Prelude to Morning Yoga

The tinkle of a bell—tin meeting copper—

Shakes stiff bones to consciousness.

Still, awakening, my ears receive the day’s first sounds:

The rustle, crinkle, swish of sheets tossed back.


Teak floors leaking cracks of daylight from below

Creak under snappy, cracking, good-morning toes.

Screen doors pop, snap, click in and out of frames,

Ushering in fugitive mosquitoes.


There are


Sound barriers



Below me, solid teak doors slam shut,

And latches choke them closed.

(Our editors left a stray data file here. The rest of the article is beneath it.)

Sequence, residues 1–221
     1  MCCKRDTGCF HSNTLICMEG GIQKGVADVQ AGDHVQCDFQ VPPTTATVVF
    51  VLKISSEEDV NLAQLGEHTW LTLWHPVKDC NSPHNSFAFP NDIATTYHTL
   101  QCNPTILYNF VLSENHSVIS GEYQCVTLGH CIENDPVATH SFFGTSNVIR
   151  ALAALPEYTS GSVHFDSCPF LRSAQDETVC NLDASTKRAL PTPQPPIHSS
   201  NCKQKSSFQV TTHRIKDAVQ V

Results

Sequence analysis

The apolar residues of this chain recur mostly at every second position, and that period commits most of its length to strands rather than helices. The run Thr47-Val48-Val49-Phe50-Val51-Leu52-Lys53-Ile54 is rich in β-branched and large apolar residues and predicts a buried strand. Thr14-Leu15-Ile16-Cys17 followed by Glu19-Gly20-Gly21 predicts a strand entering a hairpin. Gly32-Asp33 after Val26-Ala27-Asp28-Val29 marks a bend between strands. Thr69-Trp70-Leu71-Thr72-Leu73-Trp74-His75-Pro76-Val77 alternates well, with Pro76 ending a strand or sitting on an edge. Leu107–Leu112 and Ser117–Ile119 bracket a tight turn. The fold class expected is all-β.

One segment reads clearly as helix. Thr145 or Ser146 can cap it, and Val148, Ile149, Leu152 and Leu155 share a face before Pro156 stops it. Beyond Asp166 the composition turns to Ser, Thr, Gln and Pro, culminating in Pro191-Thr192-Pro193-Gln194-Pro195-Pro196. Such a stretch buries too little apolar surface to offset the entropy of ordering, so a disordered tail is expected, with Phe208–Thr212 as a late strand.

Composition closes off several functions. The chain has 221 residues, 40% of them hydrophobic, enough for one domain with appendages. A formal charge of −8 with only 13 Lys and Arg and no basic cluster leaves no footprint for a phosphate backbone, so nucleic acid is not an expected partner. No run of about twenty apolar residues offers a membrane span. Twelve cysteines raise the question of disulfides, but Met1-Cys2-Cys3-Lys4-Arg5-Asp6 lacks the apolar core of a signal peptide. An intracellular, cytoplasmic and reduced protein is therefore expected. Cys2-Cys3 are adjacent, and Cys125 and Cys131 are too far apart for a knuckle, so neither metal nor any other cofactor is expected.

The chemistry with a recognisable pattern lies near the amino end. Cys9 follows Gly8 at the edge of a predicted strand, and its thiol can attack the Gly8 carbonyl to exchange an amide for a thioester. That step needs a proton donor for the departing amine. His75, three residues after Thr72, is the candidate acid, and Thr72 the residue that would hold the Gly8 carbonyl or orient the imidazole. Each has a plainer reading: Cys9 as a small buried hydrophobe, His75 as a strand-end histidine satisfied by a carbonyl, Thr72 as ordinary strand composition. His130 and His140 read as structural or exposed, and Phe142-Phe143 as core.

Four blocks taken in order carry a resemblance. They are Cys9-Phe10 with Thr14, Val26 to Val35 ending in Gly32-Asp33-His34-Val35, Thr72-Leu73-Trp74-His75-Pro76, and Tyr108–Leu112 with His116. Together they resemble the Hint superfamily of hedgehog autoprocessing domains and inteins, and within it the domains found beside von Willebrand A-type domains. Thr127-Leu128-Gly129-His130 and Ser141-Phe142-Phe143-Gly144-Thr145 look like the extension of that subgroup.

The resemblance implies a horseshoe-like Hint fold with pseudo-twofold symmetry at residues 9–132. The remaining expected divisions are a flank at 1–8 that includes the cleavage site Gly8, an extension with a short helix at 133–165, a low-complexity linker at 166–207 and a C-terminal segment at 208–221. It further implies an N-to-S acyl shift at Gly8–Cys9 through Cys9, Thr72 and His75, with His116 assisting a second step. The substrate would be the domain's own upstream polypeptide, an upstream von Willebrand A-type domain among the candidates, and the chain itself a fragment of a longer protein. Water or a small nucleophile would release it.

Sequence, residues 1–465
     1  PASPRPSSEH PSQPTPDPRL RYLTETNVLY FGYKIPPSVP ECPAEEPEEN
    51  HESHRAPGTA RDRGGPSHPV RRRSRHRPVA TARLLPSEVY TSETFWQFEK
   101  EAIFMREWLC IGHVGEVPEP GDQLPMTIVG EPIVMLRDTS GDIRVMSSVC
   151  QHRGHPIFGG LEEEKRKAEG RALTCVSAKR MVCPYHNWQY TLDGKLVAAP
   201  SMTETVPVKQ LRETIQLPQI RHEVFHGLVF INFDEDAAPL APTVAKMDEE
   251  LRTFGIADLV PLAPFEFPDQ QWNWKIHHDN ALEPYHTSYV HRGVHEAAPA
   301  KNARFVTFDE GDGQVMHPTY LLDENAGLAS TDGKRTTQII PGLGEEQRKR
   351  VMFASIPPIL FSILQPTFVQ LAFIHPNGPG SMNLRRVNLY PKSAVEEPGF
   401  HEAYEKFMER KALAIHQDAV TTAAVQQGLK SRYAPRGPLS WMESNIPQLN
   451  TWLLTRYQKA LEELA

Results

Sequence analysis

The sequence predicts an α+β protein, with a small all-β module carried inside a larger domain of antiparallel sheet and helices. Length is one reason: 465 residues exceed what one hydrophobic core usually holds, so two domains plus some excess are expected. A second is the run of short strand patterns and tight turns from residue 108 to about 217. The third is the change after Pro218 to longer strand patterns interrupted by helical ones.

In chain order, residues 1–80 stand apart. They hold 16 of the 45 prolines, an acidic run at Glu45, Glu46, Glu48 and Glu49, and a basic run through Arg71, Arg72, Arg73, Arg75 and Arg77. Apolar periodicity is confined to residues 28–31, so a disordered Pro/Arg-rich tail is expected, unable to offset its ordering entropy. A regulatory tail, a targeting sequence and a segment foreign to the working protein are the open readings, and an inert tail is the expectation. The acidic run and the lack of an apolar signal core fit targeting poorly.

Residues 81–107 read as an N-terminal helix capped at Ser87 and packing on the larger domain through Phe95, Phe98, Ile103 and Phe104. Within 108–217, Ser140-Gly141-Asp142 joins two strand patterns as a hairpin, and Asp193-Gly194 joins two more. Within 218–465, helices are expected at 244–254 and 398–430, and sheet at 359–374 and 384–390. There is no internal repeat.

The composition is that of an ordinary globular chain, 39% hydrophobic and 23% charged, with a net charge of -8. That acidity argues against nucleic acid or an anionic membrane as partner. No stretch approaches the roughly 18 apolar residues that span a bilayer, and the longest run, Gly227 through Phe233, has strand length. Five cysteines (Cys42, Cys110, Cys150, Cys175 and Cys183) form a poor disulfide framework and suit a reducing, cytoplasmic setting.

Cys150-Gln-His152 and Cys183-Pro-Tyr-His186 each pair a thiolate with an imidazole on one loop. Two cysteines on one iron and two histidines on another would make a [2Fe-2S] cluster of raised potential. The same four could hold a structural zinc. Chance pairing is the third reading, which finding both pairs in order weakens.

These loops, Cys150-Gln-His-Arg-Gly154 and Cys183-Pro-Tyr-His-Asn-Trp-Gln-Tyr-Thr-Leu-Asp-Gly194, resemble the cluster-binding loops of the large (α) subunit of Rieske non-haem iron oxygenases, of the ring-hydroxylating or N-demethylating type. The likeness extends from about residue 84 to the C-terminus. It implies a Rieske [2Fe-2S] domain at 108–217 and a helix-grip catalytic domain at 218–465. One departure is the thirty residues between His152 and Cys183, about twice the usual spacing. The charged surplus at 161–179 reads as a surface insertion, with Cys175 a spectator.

Showers rush, fountains trickle,

And across the yard, I hear the tink-tink of breakfast dishes being set.


With every step, I bump into new sounds,

While familiar ones stalk me from behind.


The steady drone of instruments

Wraps itself around my head

It is an orchestra of unfamiliar sounds:


Ostinato of deep woodwinds

Unison chants


The tremolo of flutes

The pounding of tribal drums

Circulating voices

Up and down and up and down—


The fusion is anything but Western,

And my ears take pause to absorb its newness.

The first five minutes of my day

Are nothing short of a symphony.

This piece was written and published during a month-long study tour to Thailand with Whitworth University’s Women’s and Gender Studies program.